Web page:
Almost five years. 46 issues together. A true partnership writing a new legend.
This is the last Batman interview for writer Scott Snyder and artist Greg Capullo.
With issue #51 hitting shelves today and both creators on to other projects — Snyder beginning All-Star Batman this August with a host of artists, and Capullo working with Mark Millar on an unnamed project — Comicosity got to sit down and pick the guys’ brains about their final issue of Batman together. It’s been a long run. Let’s sit back, take a deep breath, and say goodbye.
Scott Snyder: About a year ago, I started talking to Greg about how we could end the run. It’s sort of a “quiet night in Gotham.” I was nervous, because this could have been the most boring issue ever. I mean, no one’s ever just given him the night off. It could be incredibly slow and pointless.
But then I thought, no no, we can do it in a way that’s really a tribute to the character and to the fans. And maybe we can make it like a celebratory tour of the mythos.
For me, it was also a way to say thank you to Greg and the art team — FCO Plascencia and Danny Miki — and to give them a chance to draw everything cool. And above all, just saying thank you to the fans for the best ride of my life.
Greg Capullo: My thought process was mostly about keeping sadness at bay, knowing I was drawing my last issue of Batman. And that Scott and I would be moving on from each other for just a bit. That was really the only thing on my mind.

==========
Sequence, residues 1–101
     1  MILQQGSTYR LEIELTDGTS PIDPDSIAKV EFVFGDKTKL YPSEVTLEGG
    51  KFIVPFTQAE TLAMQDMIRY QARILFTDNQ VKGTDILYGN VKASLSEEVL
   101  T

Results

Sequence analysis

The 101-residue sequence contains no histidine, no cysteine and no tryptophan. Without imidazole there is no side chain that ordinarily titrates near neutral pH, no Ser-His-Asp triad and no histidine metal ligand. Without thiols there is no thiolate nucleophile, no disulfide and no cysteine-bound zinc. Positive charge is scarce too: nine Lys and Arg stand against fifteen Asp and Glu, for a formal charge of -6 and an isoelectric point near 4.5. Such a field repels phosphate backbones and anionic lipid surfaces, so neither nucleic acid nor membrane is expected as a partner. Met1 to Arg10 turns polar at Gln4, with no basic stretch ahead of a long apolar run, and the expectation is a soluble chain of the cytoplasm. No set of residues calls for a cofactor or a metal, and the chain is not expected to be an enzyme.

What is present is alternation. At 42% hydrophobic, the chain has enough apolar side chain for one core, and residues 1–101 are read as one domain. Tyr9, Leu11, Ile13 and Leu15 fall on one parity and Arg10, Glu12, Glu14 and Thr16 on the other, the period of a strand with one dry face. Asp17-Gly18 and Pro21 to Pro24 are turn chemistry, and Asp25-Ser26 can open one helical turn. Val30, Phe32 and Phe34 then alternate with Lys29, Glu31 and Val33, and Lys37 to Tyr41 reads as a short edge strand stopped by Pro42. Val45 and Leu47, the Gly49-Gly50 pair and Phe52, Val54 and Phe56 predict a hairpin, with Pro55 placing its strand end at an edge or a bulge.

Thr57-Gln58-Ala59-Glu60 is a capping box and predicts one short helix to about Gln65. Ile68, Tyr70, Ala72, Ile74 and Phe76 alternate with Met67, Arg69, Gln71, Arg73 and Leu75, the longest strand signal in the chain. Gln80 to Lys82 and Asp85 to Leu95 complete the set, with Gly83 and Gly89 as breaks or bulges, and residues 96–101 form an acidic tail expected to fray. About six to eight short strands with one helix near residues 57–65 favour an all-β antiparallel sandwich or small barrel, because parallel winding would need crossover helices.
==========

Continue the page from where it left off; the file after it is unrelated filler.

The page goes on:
Apart from that, I was enjoying revisiting a lot of scenes that we did together along the road. Which also made me have to keep sadness at bay, especially during the Court of Owls scene.
In terms of special thought, you know, I just kind of follow my instincts and do it. Draw it as it strikes me. I tried to enjoy it and not be sad.
MSG: You guys really do touch back on so much of what you did in the course of 51 issues — the Joker, the Court of Owls, all the other villains. Was it important to you to put a bow on all of it at the end of the line?
SS: Yeah, it was more sort of like looking back. Part of fun of it is putting it together for the fans, so they can see the Red Hood element of it, or the giant Owl coin.
But for me, there’s a private history of the book, which is the growth of Greg and my relationship. So some of this stuff — getting to see the labyrinth again or getting to see Batman up on the tower — was a chance for me to revisit some of the creative moments we had together as friends.
The labyrinth for me will always represent the time Greg came up with the great idea to flip the book. It was the first time we stepped up for each other with DC. “Zero Year” was where I was so nervous about doing the origin of Batman and having the purple cape and seeing what Greg would come up with. Seeing the Red Hood helmet really references that.
Maybe I was just being selfish in some way, you know. Putting the Easter eggs in for me to trip down memory lane.
MSG: There also seems to be this element of putting the toys back into the toybox for the next run, most noticeably with the return of Alfred’s hand.
GC: Yeah, in the final hours, after going to press, I joked about giving Alfred another left hand accidentally. I was hoping I would get you good enough to go back and check the pages! [laughs]
SS: Yeah, for a moment there I was imagining him with the tray and two thumbs sticking out. [laughs]
MSG: But in all seriousness, the moments between Alfred and Bruce are really moving and definitely mark the end of “SuperHeavy,” as well as touch on their relationship overall.
SS: I hope it’s been one of the hallmarks of our run. “SuperHeavy” was all about how Batman isn’t real, how he’s huge and larger than life. How we have to solve things without him. How he doesn’t always save us — although he does in a different way.